ANC Free State regions to ask Mabuza for more time to prepare for conference

ANC regional leaders in the Free State are expected to make a plea for more time before holding a conference when the governing party’s deputy president David Mabuza visits the province this week.

Mabuza will make his second visit in two weeks to discuss the Free State’s performance in last November’s local government elections with regional and provincial leaders. The vote saw the ANC losing its lion’s share in some municipalities as newly formed political parties and independent candidates chipped away at its votes. Its biggest embarrassment was in Maluti-a-Phofung, where former ANC councillors who formed a new party took away a chunk of the ANC vote, resulting in a hung municipality. 

Four regional leaders each told the Mail & Guardian that the environment was not yet ideal for a provincial conference, with most branches still struggling to be fully compliant with the party’s obligations in terms of its constitution.

Free State interim provincial committee (IPC) co-ordinator Paseka Nompondo said branches had been working to strengthen, rebuild and revive the party ahead of the provincial conference. 

“Branches have not been to meetings for some time. We are now embarking on a process to rebuild structures. All our regions are not in good standing,” he said.

Interim regional convenor in the Thabo Mofutsanyana region Thabo Mokoena said many  branches’ terms had long lapsed and had interim structures in place dating back to 2019. 

“The intention is to do with any element of factionalism that will hamper the organisation. We are being self critical about our conduct and we want to look inward to say how do we move forward and unite the organisation,” said Mokoena.

Mangaung interim regional committee convenor Lawrence Mathae said membership in his region had declined from 12 000 to a mere 4 000 members, adding: “This tells us that there is a bare minimum of 80 people in branches. We need to recruit members who are dedicated and loyal members before we go to a regional conference.”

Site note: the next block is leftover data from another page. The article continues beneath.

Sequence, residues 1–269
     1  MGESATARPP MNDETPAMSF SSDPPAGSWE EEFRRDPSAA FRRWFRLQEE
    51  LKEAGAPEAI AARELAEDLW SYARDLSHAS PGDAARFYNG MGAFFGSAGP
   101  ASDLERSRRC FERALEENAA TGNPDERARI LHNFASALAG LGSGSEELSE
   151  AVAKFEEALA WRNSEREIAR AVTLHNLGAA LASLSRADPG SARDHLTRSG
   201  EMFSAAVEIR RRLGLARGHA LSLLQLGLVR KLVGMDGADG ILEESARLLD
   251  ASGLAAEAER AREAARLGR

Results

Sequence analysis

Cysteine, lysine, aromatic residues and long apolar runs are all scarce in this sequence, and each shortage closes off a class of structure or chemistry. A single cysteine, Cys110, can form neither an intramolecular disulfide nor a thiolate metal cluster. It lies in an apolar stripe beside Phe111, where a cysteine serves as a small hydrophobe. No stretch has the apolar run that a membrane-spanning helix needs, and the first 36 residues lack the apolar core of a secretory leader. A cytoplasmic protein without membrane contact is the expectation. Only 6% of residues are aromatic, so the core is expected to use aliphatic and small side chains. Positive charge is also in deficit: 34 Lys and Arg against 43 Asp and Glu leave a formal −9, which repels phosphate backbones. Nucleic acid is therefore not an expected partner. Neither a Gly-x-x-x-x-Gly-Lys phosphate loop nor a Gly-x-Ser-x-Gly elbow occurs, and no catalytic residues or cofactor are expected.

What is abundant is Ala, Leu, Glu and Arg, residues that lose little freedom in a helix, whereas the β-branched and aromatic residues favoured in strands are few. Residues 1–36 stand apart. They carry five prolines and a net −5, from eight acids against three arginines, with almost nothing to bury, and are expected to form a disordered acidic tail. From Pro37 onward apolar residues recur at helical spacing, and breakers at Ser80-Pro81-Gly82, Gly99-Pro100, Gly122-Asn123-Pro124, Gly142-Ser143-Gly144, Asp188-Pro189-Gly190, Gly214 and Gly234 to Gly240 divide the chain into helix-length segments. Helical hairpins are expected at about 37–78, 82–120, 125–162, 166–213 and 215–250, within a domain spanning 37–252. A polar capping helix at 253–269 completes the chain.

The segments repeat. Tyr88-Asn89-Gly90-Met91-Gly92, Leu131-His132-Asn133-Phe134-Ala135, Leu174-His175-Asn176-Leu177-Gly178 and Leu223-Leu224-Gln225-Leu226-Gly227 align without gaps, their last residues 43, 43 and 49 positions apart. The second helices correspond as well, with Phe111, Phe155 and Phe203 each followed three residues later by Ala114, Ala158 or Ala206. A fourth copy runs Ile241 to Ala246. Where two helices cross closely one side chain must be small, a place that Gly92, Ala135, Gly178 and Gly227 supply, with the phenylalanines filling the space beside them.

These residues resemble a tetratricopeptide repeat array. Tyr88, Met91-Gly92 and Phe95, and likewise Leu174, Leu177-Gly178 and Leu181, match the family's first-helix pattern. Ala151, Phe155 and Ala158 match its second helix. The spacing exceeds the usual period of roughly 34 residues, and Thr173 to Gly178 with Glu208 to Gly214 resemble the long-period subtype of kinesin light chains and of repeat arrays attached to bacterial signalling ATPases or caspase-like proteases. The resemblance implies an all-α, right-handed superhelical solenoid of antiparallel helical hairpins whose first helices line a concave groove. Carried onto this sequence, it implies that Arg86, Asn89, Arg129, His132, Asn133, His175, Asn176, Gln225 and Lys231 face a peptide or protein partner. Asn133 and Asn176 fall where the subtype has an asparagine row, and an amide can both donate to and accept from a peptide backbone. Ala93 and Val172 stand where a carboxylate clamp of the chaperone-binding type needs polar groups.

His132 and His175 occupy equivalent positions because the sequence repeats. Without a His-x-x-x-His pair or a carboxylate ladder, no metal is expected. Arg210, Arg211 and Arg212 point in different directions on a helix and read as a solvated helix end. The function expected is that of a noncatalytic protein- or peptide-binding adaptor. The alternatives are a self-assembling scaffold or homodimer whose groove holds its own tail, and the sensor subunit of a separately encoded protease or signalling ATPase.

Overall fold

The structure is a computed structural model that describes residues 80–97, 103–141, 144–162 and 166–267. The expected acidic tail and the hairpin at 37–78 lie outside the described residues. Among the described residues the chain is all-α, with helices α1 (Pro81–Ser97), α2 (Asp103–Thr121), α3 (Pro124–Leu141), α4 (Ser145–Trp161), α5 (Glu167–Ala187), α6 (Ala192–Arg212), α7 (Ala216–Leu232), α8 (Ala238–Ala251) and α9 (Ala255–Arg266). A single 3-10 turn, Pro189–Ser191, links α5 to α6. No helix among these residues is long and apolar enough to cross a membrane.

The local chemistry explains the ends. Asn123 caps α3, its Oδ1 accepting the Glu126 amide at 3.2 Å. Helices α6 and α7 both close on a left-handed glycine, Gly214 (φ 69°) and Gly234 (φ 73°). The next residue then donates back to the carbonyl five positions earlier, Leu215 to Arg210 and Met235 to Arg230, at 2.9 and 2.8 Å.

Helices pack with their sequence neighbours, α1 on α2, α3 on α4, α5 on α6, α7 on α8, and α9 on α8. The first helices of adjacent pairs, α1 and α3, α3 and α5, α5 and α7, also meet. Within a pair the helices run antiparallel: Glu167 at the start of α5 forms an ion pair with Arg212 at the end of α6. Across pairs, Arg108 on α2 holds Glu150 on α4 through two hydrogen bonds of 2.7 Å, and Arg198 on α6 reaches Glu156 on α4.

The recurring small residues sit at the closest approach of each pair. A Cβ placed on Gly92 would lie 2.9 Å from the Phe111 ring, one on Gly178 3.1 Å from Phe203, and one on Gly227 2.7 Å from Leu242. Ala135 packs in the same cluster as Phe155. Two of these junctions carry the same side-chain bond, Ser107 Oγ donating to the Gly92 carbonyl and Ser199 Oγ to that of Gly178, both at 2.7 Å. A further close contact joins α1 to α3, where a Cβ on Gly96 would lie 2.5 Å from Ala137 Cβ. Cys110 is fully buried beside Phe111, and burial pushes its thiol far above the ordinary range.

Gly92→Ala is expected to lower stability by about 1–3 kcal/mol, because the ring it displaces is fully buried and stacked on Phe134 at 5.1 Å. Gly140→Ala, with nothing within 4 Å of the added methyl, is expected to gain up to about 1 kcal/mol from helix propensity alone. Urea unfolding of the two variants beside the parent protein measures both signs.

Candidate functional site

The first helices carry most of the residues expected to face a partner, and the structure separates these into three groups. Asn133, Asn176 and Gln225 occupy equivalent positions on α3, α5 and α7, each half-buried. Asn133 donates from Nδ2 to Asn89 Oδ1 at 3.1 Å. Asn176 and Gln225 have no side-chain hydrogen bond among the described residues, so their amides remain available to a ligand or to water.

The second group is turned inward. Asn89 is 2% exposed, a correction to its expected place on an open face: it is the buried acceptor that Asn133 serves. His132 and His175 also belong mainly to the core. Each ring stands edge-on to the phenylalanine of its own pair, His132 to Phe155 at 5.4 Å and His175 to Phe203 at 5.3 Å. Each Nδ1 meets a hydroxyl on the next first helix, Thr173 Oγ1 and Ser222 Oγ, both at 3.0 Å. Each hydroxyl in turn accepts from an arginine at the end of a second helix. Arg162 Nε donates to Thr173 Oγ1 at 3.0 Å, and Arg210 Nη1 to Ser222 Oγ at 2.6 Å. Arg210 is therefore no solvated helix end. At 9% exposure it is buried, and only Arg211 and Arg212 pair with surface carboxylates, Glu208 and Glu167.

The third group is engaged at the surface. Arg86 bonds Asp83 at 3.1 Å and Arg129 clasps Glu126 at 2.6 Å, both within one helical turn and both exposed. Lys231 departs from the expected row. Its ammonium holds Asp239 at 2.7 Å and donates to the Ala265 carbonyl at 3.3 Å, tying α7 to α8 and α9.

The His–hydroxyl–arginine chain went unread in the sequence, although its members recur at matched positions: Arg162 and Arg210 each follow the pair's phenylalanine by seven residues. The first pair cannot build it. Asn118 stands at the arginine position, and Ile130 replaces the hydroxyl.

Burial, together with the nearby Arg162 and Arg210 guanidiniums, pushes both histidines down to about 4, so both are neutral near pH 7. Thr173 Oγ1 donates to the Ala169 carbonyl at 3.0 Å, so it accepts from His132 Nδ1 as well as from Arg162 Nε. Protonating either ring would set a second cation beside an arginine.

He argued that rushing into a conference to elect new leaders would set the province up for court challenges: “We need a thorough appraisal of the state of organisation in the province. It’s not a matter that can be done without undertaking a robust process of building branches so that those branches can make a call for conference.”

Factional infighting in the Free State, from the time suspended secretary general Ace Magashule was provincial chairperson, have led to a weakened ANC. 

Last April, ANC and South African President Cyril Ramaphosa instructed the provincial executive committee to halt its plans of appealing a supreme court of appeal ruling that declared the structure unlawful and unconstitutional and dissolved it.

The ruling said the Free State’s provincial conference in May 2018 had been held in violation of a November 2017 court order and, therefore, its decisions, resolutions and outcomes were invalid. Three ANC members had turned to the court after the party failed to obey an order to halt an elective conference.

In a recent national executive committee meeting, the ANC ordered all provinces to hold conferences before the end of May ahead of its elective conference in December.

A party leader from the Fezile Dabi region told the M&G that 57 of its 72 branches were not in good standing, with membership declining to less than 4 000.

“I don’t think we are ready for the conference,” he said, adding that senior ANC leaders Thabo Mbeki and Kgalema Motlanthe would make the same concession.

Mbeki recently visited the Free State, while Motlanthe was roped in last year to help unite the province.

Convener of the interim regional committee in the Lejweleputswa region, Xolile Toki, took the view that the province must go ahead with a conference.

“We can’t only renew the ANC, part of the programme is to professionalise local government,” Toki said. “We are dealing with these programmes concurrently. Yes we have to go to a conference. In a month or so branches will have to renew their mandates and after, elect leadership and pronounce on their new leadership.”

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Lizeka Tandwa
Lizeka Tandwa
Lizeka Tandwa is a political journalist with a keen interest in local government.

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